Three of Mr. Earnest's former coworkers in Chesapeake testified that Earnest told them he was not married and had never been married; Earnest also claimed that he was independently wealthy to these three persons and to two others who testified. (Id. at 1644-1688; 1899-1913.) Significantly, the high school principal where Earnest worked testified that Earnest called her around 5:00 p.m. on December 21, 2007, and advised her that he was at his lawyer's office about to be questioned because his estranged wife had apparently committed suicide because of a failed relationship; this was the principal's first knowledge that Earnest was married. (Id. at 1795.) This was also before the police ever provided Earnest information about the circumstances of Ms. Earnest's death or the apparent suicide note, a detail that had not been publicly released by the police. Finally, Jesse McCoy testified that he had made arrangements to pick up Earnest's car for detailing during the week of December 17; McCoy suggested December 19, but Earnest said he would be "on the road" that day, so they agreed for McCoy to pick the car up from the high school on the morning of December 20. Later, Earnest called McCoy and pushed the pickup time from 8:00 a.m. to 9:15 a.m., in case he ran late getting back to Chesapeake. (Id. at 1818-38.)

Earnest's counsel vigorously cross-examined all prosecution witnesses and called expert witnesses and alibi witnesses on behalf of Earnest. After hearing all the evidence, the jury deliberated, resolving evidentiary conflicts in the government's favor, and returned a verdict of guilty on both charges. (Trial R. at 152-53.) The jury recommended a sentence of life in prison for first-degree murder and three years (mandatory) for use of a firearm in the commission of the murder. (Id. at 156-57.) The trial court ordered a pre-sentence report and held a sentencing hearing on January 25, 2011, after which the court imposed the sentence recommended by the jury. The court entered the final judgment on February 10, 2011. (Id. at 178-80.)

Earnest appealed his conviction to the Court of Appeals of Virginia, raising numerous issues:

• The trial court's failure to move the trial to a venue in a different judicial circuit;

• The trial court's failure to grant a mistrial and dismiss the entire venire panel upon learning that members of the venire had talked about the case before voir dire and jury selection;
• The trial court's exclusion of the following from evidence:

? Evidence of "third-party guilt";

? Telephone records of the victim to show that she had not had contact with Earnest;

? Telephone records of Marcy Shepherd and a videotape of her police statement as circumstantial proof that Shepherd destroyed phone records relevant to the victim's activities at the time of her death;

? Evidence about Maysa Munsey's arrest for identity fraud;

? Testimony about how the victim's Blackberry could have been remotely reset from her work computer system;

? Testimony of Jennifer Mnookin as an expert in fingerprint methodology to contradict certain testimony of the Commonwealth's fingerprint experts; and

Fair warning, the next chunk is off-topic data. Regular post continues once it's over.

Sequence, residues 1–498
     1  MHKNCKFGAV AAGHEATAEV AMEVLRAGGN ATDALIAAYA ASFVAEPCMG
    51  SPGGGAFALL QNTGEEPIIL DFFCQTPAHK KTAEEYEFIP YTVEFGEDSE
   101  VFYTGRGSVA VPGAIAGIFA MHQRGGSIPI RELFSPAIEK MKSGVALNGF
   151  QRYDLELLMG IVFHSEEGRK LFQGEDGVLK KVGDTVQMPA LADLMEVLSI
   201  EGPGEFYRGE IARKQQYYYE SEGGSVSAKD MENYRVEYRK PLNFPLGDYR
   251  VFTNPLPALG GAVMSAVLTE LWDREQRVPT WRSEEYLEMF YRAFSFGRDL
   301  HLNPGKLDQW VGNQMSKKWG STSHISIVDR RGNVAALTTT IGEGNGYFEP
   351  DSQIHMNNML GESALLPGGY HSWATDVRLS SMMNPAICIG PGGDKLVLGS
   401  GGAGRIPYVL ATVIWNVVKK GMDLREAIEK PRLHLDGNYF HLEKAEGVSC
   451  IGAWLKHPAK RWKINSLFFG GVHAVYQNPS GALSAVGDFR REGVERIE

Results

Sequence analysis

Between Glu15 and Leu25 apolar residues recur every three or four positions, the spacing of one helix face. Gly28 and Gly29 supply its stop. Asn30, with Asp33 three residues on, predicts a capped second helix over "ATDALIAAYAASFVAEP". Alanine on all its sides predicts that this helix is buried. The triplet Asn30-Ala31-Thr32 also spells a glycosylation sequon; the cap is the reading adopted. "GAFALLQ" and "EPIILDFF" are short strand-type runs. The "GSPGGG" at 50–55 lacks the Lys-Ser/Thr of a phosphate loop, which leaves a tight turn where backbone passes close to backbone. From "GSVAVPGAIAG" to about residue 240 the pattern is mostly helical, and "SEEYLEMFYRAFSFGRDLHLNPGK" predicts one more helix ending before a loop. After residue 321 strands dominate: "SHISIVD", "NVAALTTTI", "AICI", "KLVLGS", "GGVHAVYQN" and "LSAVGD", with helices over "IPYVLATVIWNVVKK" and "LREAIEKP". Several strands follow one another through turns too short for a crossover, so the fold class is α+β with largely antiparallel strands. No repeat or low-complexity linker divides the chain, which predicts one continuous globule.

? Sur-rebuttal evidence from the defense;

• The trial court's admission of the following evidence:

? Testimony about the Earnests' separation and divorce;

? Mr. Earnest's financial condition during time periods two years before and two years after the victim's death;

? Testimony that Earnest borrowed Hall's truck and replaced the tires;

? Testimony of Johnson and Riding that a partial latent fingerprint can be identified as a match to a known individual;

? Sergeant Neal's testimony about how long it took him to drive from Chesapeake, Virginia, to Forest, Virginia; and
? A photograph of the cover of the victim's journal;

• The sufficiency of the evidence to support a conviction because the evidence failed to exclude "every theory of innocence"; and

• The trial court's failure to give a requested jury instruction about fingerprint evidence.
The Court of Appeals initially rejected the appeal on all issues in a per curiam opinion, but on petition for consideration by a three judge panel, agreed to consider the appeal only on whether the trial court erred in refusing to allow Dr. Mnookin to testify as an expert witness in fingerprint methodology and refusing to allow her to contradict Johnson's testimony that no one had ever found two different people with the same fingerprint. After considering the issues, the Court of Appeals affirmed the trial court's judgment. Earnest v. Commonwealth, 734 S.E.2d 680 (Va. Ct. App. 2012).

Dr. Mnookin was a professor of law at UCLA, teaching evidence, and had written extensively about the lack of scientific foundation underlying fingerprint analysis testimony. However, she was not a fingerprint examiner and had never examined fingerprints herself. --------

Earnest then appealed to the Supreme Court of Virginia, raising several of the same errors, but the court denied his petition on July 13, 2013. (Addendum to Trial R. at 11.) The Supreme Court of Virginia denied Earnest's petition for rehearing on September 23, 2013. (Id. at 12.) Earnest filed a petition for certiorari in the United States Supreme Court, which the Court denied. Earnest v. Virginia, No. 13-799 (filed Feb. 24, 2014).